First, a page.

Once you've created your new EverQuest II character, you'll begin the tutorial, a guided adventure narrated with the game's recently announced full audio speech. You'll start the tutorial on a strange ship--your character was apparently lost at sea and recently rescued by a boat on its way to the Isle of Refuge, the game's first area. On the ship, you'll be carefully walked through the basics of interacting with other characters, buying and selling items, engaging in combat, and performing quests. The game lets you interact with most objects and characters by double-left-clicking, though you can also right-click a character or object to bring up a context-sensitive menu that will let you open a closed chest or greet (or reply to) a chatty character. The same applies to melee combat; you can right-click an enemy, like the captive goblin that escapes its prison and wreaks havoc on deck, and choose the "attack" option or use your auto-attack hotkey.
EverQuest II's current interface seems much simpler and cleaner than that of the previous game. Though the interface we saw isn't necessarily final, it took up far less space onscreen. The current, prerelease test version of the game has a "hotkey bank"--a set of 10 hotkey shortcuts (and you can switch between multiple groups of hotkeys by pressing shift plus a number key) that can include anything from melee attacks to magic spells. In the current version of the game, every base character archetype has an innate power; for instance, priests begin the game with a basic blessing (that adds protection to a teammate), while mages begin the game with a short-lived boosting spell that increases the rate at which a teammate regains "power," which is what all characters use to cast magic spells and use innate abilities.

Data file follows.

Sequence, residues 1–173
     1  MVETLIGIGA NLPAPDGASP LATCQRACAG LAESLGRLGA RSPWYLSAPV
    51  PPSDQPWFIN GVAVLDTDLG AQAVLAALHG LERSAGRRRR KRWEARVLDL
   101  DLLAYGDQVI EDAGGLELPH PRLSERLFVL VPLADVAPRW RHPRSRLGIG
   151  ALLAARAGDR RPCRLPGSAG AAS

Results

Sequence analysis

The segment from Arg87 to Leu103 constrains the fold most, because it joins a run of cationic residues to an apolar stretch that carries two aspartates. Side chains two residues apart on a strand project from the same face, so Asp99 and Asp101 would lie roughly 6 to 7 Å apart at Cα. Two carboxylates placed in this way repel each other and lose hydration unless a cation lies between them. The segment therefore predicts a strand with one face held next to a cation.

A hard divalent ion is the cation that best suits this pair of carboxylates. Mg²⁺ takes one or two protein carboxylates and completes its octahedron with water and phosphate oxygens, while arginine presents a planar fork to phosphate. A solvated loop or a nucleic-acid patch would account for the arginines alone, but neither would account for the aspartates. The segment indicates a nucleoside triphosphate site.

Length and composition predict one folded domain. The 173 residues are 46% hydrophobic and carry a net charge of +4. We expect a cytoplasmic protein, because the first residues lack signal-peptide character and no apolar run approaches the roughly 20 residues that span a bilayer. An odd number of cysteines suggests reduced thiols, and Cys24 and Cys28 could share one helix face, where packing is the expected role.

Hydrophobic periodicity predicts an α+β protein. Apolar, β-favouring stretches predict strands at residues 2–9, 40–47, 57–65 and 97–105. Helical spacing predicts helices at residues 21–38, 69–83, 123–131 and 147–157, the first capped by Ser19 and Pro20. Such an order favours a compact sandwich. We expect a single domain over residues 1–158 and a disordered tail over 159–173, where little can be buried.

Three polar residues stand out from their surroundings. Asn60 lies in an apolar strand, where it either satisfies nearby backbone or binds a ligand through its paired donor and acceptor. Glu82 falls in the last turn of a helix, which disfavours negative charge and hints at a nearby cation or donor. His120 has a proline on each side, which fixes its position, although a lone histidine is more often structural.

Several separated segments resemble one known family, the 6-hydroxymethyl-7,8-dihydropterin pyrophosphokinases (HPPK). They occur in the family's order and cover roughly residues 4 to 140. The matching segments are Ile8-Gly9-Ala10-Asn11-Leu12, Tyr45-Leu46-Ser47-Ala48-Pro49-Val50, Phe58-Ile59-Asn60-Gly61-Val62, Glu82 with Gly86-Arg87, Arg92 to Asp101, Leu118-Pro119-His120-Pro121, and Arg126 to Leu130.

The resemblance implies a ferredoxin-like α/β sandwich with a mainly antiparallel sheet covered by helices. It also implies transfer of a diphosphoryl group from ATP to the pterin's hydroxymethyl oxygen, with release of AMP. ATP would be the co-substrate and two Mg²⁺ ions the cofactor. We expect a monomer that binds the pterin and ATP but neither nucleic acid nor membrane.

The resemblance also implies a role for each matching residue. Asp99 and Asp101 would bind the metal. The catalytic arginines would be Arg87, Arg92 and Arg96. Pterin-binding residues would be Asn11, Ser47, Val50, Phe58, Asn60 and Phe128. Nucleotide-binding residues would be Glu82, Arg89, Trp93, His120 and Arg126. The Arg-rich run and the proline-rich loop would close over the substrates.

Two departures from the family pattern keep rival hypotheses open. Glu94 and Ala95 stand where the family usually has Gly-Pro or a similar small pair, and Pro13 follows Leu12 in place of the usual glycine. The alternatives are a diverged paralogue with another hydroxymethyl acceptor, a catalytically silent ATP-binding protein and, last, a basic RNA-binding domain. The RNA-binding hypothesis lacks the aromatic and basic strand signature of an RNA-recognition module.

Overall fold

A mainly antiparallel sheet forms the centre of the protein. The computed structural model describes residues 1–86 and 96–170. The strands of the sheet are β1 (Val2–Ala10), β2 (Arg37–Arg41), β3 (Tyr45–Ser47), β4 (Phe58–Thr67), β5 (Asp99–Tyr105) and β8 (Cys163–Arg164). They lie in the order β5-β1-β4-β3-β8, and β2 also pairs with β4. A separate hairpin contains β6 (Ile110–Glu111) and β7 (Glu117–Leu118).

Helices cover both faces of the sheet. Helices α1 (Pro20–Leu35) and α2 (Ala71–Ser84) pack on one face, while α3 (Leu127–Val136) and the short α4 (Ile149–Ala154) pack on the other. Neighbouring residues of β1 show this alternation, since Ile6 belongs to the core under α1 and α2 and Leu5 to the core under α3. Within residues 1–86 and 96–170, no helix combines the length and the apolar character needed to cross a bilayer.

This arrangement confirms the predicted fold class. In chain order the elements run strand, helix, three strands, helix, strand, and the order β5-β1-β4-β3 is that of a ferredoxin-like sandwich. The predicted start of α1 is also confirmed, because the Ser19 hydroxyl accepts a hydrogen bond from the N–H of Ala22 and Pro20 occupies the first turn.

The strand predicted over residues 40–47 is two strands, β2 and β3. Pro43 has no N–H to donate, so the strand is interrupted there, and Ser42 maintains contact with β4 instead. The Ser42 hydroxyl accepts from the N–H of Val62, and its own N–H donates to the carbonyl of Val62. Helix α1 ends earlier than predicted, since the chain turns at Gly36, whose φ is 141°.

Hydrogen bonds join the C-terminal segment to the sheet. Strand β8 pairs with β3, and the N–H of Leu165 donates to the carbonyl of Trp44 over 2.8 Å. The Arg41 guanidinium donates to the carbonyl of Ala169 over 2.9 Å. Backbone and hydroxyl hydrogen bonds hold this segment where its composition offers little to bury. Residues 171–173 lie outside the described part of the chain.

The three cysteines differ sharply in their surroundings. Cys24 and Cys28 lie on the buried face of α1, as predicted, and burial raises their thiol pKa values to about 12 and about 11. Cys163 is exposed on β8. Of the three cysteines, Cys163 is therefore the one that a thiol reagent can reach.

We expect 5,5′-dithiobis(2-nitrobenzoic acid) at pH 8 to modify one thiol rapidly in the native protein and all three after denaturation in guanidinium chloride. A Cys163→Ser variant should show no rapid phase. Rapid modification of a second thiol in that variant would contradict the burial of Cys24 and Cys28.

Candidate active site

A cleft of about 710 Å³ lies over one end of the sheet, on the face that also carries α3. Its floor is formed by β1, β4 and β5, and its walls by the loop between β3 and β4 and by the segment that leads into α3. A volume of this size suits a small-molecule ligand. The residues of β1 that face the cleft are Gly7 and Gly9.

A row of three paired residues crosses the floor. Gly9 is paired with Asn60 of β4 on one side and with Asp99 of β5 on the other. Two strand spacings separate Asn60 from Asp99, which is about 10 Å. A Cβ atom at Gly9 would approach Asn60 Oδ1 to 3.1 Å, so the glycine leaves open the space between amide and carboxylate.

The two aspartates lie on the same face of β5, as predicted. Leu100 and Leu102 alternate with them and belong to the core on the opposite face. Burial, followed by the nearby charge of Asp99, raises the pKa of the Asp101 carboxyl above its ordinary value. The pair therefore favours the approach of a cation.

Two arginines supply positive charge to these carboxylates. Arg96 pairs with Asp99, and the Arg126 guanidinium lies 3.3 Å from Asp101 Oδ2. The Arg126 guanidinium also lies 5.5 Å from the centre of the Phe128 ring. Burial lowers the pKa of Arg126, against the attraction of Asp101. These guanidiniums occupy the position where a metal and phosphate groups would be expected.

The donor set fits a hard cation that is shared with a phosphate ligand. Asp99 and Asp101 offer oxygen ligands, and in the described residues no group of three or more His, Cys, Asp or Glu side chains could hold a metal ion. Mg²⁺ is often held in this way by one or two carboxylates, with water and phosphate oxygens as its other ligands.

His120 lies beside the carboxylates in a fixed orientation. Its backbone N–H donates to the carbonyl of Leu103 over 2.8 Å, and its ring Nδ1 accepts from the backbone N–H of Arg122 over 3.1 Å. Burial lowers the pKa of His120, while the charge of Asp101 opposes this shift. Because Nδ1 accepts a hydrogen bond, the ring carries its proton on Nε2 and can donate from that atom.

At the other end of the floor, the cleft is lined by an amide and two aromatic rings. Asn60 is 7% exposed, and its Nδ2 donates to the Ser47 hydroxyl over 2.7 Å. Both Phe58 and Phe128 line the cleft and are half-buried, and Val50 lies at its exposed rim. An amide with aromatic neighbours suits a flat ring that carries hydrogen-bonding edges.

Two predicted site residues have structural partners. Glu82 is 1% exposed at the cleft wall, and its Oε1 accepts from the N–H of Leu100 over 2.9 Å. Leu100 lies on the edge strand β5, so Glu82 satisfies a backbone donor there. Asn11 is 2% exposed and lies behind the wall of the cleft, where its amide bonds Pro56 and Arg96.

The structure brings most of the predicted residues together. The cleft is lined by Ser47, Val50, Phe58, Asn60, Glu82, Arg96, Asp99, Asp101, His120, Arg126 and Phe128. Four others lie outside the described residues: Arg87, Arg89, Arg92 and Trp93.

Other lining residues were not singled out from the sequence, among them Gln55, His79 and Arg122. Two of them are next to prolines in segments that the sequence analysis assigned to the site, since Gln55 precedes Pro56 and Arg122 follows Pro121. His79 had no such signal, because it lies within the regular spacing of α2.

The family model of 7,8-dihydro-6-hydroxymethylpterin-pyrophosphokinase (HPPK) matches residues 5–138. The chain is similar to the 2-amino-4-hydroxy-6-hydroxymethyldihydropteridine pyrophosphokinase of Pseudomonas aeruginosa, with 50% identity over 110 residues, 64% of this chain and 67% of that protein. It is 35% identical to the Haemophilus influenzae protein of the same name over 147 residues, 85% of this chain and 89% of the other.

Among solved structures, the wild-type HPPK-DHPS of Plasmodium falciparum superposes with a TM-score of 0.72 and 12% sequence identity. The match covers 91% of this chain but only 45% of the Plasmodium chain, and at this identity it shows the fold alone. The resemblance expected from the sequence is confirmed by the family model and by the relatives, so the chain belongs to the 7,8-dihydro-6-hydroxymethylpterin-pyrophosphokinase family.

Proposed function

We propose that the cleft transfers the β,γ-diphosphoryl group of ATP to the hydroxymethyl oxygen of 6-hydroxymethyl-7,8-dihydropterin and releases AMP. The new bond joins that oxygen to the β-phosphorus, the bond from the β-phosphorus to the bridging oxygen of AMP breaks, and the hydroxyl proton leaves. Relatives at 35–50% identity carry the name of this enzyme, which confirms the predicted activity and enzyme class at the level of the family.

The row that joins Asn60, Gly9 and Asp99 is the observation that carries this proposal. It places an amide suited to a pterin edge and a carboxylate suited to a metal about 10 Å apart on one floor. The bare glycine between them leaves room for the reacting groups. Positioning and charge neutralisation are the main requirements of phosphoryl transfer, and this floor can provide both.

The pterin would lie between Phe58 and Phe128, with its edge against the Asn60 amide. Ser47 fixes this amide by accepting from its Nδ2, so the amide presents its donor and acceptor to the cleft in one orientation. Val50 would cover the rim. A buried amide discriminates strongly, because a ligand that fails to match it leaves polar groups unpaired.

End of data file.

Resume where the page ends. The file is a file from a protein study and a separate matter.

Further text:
You're in Their New World Now!
On landing at the Isle of Refuge, we were immediately recruited into a goblin-hunting quest by a gruff-speaking military officer who demanded to know what basic class we'd belong to: priest, fighter, rogue, or mage. After we chose an archetype, the blustery officer then gave a long-winded description of the character type, followed by one last confirmation question to make sure it was the choice we wanted. This is all part of EverQuest II's approach of not overwhelming players with vague choices when they begin a new game; players who may not fully understand the capabilities of a monk or a shadow knight may choose a character class or a set of skills that they later realize isn't right for them. As such, the game will ease players into development by letting them choose an additional class at level 10 and a specialized class at level 20.
The Isle of Refuge is a beachside safe haven, where you can go on a few small-time quests for verbose characters that will give you modest rewards and additional tips on how to play the game and on the lore of EverQuest II. When you're ready, you can speak to an ambassador character in the central courtyard; the Isle currently has two ambassadors, one from the corrupt city of Freeport and one from the noble city of Qeynos. The ambassadors explain what each city is like and extend you an invitation (though if you belong to an evil race, the Qeynos ambassador may hesitate to invite you; the converse applies with the Freeport ambassador). You can then rejoin the captain of the ship you rode in on and request passage off the island by heading to the docks and clicking on the sea bell. In this early version of the game, using the sea bell instantly transports you to the city rather than forcing you to wait for your ship to come in.